Creative Discovery Museum is celebrating 20 years of serving children in the community.
As of this month, it has attracted 4 million visitors since its opening 20 years ago. This “fun house” still offers families a new way of looking at the arts and sciences and “sparking” the passions of a 2nd generation of Chattanooga’s children, said officials.
“Our mission is to inspire all children to explore, innovate, create and play,” said Henry Schulson, executive director. “We are proud to have served 4 million visitors in our history and look forward to serving millions more as we work toward our vision to make Chattanooga the best place for a child to grow up.”
To celebrate, the Museum will host a birthday celebration on May 26 featuring over-sized birthday party games. The event will include a dunking booth with Mr. Schulson and other staff, three large piñatas filled with candy and a water balloon slink shot to take aim at the flag on the Museum’s logo on the building. The Discovery Mobile will be on hand for other science and art activities as well as the extra large birthday cake. The celebration will include remarks from Mr. Schulson, prior to his dunk tank appearance and other board members. The event is included with general admission to the Museum and will last from 1-3 p.m.
The idea of a museum just for children was born in 1989 by the Board of the Hunter Museum of American Art after they evaluated the viability of developing a children’s wing for the art museum. They recommended that a separate children’s museum be created as part of the revitalization of downtown Chattanooga. The design plans and initial concepts were developed by a team of educators, local and national content specialists, and focus groups of children and teachers.
Children of Chattanooga were part of the planning from the beginning. “The whole idea of the project came out of children as they would tell us how they best learn.” said Andree Caldwell, the executive director and key planner of the project.
Throughout the years, CDM has become recognized as an educational resource by establishing collaborative programs with organizations throughout the community and by offering a variety of educational programs, including a growing school outreach program in which professional Museum educators go out into the classroom and present lessons to area school children, said officials.
The Museum assumed ownership and operation of the News Channel 9 Science Theater in Northgate Mall in 2004 which became a component of its science education efforts. The Science Theater moved to the main campus of the Museum in 2010.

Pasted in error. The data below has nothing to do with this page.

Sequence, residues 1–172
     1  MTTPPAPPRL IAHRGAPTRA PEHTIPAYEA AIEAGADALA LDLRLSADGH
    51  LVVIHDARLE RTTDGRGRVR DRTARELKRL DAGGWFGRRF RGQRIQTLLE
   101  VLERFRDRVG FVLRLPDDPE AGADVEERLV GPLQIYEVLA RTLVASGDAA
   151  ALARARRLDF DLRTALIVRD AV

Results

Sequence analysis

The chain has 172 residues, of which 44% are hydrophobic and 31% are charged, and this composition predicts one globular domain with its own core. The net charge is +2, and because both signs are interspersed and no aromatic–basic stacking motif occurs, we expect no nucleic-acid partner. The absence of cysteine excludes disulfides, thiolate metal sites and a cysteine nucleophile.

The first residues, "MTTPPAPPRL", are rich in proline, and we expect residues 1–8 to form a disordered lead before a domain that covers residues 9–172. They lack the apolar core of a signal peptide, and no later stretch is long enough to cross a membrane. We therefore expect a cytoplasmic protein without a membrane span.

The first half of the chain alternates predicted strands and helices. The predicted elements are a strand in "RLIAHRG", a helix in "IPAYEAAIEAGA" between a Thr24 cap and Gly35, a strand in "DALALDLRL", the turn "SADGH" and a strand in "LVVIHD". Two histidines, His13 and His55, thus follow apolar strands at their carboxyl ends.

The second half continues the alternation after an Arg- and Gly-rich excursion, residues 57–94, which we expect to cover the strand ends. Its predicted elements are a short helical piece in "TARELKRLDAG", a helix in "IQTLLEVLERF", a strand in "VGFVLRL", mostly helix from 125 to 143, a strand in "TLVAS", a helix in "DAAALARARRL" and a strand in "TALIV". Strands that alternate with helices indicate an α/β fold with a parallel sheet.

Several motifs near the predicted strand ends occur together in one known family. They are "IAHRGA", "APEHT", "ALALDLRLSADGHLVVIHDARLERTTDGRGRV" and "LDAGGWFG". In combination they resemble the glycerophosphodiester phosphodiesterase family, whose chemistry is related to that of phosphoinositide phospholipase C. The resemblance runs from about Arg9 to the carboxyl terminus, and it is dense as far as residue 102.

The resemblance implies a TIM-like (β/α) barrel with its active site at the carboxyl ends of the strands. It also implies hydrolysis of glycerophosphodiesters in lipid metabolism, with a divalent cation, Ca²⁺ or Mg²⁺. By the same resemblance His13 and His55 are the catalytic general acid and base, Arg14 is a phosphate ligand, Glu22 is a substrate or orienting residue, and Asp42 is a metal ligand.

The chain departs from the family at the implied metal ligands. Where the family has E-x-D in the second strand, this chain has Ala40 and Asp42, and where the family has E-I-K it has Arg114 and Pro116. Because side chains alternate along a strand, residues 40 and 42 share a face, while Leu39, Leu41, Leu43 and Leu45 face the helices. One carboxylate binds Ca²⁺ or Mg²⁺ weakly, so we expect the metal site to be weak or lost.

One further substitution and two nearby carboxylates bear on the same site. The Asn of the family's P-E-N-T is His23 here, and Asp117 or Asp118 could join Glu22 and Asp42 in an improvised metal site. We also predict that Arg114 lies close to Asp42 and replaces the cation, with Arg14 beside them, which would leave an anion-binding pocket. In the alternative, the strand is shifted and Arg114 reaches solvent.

The Museum completed a renovation of the facility as part of the 21st Century Waterfront Plan which began with the opening of RiverPlay in 2003 and concluded with the addition of the outdoor Rooftop Fun Factory in 2005.
Innovative programs for children with disabilities were also established, including the Friends Discovery Camp for children with autism, Club Discovery, the after-school program for children with special needs and typically developing peers, and the joint disabilities awareness exhibit “Kids Like You, Kids Like Me” in partnership with Siskin Children’s Institute. The Museum has also received a national award for its programs for children with disabilities from the Association of Children’s Museums.
“We want children to learn that often there isn’t one right answer and they need to look at a problem from many different aspects” Lu Lewis, then education director and long-time Museum staff member told the Tennessee Teachers Education Association in 1995. “Creativity is not a happening, it’s very difficult work. It can only occur if you have a variety of experiences and knowledge to draw from – then you can create new ways of playing music, solving a problem, or inventing a machine. We need creative thinkers who are capable of devising new solutions in order to make the world function.”
At the grand opening event on May 26, 1995 Mayor Gene Roberts said as he entered the doors. “This is a wonderful, magical place” He was joined by dignitaries far and wide. Chairwoman of the Chattanooga City Council, Mai Bell Hurley, called the museum “absolutely spectacular” and noted “it links the early childhood and later development of children to creativity, which is really one of the keys to creating a whole person.”